Tampa Criminal Defense Lawyer

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Being charged with a criminal offense can be a scary and stressful event. Whether it is your first offense, or you have been arrested before, each case is the most important case you will face in court. Being arrested or charged with a criminal offense can impact an individual’s employment, housing, and ability to volunteer in their kids’ school or extracurricular programs, among many other things. Some of these impacts can be temporary, while others can be long-lasting and even permanent. Each case, no matter how small or big, must be handled with the same care and dedication to that client’s specific needs and goals. You deserve to have someone in your corner fighting for you.

Tampa criminal defense lawyer Paul Figueroa has handled criminal cases his entire career as a lawyer. Paul started his legal career with the Thirteenth Judicial Circuit Office of The Public Defender as a Certified Legal Intern. This allowed him to represent juveniles charged with misdemeanors under the supervision of a licensed attorney. After Paul was admitted to the Florida Bar in February 2009, he stayed with the Office of The Public Defender. Paul zealously advocated for his clients through his motion practice and trial litigation. In 2013 Paul was promoted to the position of division chief. During that time, Paul still handled a full caseload and litigated numerous trials.  In 2017, Paul left the Public Defender’s Office and entered private practice.  Since that time, he has continued his dedicated and diligent representation of his client’s.

What Do Criminal Defense Lawyers Do?

When you are accused of a crime, your rights are defended by a defense attorney. Criminal prosecution is serious; if you are found guilty, it will change your life, livelihood, and general well-being. An experienced criminal defense lawyer is aware of the gravity of the issue and can do all in their power to lessen a conviction’s negative effects on your life. Criminal defense attorneys:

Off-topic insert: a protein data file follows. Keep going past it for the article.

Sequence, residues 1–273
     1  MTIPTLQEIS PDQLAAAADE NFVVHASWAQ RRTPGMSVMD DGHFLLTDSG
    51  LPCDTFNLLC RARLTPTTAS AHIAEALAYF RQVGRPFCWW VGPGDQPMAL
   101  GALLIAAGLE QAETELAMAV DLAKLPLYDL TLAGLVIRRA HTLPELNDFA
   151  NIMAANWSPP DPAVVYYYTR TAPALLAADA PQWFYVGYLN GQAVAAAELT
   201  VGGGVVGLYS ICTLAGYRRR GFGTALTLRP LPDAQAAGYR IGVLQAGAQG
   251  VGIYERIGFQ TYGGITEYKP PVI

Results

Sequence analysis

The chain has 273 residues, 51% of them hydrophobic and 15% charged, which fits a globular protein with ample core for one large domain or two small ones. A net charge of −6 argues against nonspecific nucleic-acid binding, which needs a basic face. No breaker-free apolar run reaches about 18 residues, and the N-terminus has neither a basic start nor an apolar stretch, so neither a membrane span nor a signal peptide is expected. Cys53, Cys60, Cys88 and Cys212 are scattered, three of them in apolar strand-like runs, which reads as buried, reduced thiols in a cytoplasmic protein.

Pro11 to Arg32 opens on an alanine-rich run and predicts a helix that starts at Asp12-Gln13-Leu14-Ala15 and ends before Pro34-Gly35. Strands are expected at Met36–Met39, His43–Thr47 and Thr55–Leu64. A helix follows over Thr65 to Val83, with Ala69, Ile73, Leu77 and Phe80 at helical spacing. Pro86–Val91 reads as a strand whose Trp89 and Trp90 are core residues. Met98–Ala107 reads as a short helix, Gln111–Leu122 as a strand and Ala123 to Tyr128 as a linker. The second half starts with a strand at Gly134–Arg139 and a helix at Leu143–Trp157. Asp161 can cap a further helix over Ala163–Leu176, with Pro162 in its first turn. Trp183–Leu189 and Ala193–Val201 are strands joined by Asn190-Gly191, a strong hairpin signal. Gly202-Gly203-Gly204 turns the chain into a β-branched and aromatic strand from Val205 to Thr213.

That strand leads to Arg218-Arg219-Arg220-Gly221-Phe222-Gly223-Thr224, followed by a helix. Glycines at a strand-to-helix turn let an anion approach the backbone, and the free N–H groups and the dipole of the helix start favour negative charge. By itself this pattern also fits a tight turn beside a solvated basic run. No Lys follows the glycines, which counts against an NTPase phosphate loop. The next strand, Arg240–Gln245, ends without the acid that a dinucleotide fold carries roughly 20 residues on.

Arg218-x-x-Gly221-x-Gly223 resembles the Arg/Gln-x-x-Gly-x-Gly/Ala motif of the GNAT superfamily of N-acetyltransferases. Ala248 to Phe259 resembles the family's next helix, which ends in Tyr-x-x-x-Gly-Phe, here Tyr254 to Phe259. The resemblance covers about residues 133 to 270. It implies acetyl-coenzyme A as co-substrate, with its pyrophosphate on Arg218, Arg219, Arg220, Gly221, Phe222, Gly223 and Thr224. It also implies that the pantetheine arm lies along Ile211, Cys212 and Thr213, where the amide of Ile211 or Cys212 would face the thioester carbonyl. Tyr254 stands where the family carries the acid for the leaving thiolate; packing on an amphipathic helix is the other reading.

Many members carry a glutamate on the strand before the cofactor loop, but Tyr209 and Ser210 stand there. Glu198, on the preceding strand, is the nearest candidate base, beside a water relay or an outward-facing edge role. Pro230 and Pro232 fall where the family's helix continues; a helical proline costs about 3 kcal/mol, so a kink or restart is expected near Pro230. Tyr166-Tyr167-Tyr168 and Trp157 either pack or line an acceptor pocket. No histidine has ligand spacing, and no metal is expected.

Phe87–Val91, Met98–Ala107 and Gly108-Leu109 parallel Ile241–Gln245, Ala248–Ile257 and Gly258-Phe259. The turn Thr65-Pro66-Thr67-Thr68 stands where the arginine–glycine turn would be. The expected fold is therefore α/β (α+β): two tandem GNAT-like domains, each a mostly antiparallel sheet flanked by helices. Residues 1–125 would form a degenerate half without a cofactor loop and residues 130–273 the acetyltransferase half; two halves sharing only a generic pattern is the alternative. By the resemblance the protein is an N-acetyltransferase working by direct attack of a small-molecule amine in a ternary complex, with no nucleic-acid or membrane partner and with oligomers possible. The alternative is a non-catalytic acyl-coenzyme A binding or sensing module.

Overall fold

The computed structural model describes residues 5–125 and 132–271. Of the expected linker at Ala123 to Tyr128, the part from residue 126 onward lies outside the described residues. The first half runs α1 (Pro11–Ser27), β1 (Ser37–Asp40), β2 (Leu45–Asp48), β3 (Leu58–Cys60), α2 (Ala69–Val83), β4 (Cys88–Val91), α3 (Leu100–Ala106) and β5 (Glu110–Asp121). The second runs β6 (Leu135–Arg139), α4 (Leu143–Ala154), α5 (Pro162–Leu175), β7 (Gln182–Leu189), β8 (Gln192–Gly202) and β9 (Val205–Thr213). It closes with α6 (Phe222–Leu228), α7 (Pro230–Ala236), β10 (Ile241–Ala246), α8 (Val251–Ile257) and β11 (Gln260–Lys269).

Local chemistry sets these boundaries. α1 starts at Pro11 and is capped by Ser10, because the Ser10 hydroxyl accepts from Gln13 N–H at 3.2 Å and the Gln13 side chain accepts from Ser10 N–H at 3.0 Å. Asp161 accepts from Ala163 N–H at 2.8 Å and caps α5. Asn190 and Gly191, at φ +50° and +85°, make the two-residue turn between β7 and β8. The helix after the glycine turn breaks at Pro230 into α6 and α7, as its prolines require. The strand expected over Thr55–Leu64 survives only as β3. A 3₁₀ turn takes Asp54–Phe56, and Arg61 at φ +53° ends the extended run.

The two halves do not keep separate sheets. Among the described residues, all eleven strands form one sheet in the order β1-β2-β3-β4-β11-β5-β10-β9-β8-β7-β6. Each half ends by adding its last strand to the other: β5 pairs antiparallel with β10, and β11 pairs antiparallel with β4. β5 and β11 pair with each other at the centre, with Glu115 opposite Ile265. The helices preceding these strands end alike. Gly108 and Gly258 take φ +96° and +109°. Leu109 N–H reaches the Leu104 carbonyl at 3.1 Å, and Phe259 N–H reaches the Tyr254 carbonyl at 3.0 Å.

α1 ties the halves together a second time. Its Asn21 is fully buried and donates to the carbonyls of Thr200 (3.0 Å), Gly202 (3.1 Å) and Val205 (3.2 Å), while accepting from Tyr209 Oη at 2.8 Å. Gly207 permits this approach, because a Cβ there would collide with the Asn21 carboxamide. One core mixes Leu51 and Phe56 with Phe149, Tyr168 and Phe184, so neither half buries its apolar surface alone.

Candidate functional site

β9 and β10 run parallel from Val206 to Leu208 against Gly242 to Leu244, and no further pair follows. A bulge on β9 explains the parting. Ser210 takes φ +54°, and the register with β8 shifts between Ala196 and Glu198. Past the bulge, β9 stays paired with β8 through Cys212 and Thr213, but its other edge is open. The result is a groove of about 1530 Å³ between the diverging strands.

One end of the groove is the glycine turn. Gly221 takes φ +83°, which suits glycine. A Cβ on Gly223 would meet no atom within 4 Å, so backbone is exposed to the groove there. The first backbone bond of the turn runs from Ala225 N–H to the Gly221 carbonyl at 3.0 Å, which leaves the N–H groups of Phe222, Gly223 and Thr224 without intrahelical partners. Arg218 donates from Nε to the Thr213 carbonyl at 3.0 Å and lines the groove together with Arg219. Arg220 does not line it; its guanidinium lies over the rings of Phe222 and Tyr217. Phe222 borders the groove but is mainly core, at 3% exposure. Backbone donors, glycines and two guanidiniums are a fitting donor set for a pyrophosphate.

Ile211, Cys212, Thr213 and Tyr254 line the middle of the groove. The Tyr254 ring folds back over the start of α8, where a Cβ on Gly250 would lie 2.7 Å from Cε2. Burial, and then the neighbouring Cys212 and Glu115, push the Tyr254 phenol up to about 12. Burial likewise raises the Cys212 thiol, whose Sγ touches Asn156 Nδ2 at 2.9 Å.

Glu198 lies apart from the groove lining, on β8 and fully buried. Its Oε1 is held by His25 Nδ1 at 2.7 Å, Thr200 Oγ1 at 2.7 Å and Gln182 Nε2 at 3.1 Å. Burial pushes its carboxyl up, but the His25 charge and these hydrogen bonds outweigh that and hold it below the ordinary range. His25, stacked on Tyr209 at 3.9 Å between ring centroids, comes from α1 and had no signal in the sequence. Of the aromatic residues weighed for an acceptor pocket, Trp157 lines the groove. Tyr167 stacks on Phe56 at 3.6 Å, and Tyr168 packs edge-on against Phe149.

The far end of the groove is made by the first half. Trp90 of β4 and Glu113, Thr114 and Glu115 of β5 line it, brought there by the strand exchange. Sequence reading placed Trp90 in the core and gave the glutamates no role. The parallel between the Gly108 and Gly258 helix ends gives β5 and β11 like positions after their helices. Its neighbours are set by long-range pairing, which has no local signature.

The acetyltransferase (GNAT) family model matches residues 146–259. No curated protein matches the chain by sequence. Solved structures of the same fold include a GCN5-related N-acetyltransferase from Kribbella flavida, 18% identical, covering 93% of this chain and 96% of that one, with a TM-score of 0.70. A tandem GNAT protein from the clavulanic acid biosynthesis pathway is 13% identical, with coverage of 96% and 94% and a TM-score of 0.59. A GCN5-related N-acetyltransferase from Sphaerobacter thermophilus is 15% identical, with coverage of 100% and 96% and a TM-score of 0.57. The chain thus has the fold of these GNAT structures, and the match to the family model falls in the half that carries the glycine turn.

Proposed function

• Investigate the allegations against you.
  • Gather information for your defense and mitigation.
  • Interview and depose witnesses.
  • Explore legal challenges to your charges.
  • Litigate your case through pre-trial motions.
  • Prepare your case for trial.
  • Advise you of the strengths and weaknesses of your case.
  • Negotiate a resolution to your case with prosecutors including plea options/offers.
  • Advise you on your potential plea including any collateral consequences you may suffer.
  • Represent you in Trial.
  • Present mitigation to prosecutor in plea negotiations, to the court in open plea, or to the court or after a conviction at trial.

Regardless of the charge, a defense lawyer is tasked with defending your rights and compiling the strongest defense based on your charges. Through their research, interviews, and evidence inspection, a talented defense lawyer can develop a strong defense or strategy for their clients. During a trial, your defense lawyer will interview jurors through voir dire, cross examine the state witnesses, object and make arguments for the exclusion of inadmissible evidence, make arguments to the judge and jury, and present evidence on your behalf and help prepare you for your testimony if you choose to testify.

Common Offenses Handled by Defense Attorneys

The breadth of criminal law proceedings can range from simple infractions to full-scale violent felonies that could end in life sentences. In any proceeding, a qualified defense attorney can help provide contrary evidence to the prosecution’s claims. This can give those facing criminal charges a more hopeful outlook on their case. Some of the more common kinds of criminal offenses defended by criminal defense lawyers include:

  • Sex Crimes: Lewd or lascivious actions, including sexual activity between minors, sexual violence or rape, and  possession of child pornography, and sex trafficking, are some of the most common kinds of sex offenses that occur in Florida. The gravity of the conduct, the defendant’s past convictions, and the age of the victim all play a role in Florida’s sex crime punishments. Serious sexual crimes are regarded as felonies, and the majority of these offenses require registration as either a sexually violent predator, or sex offender.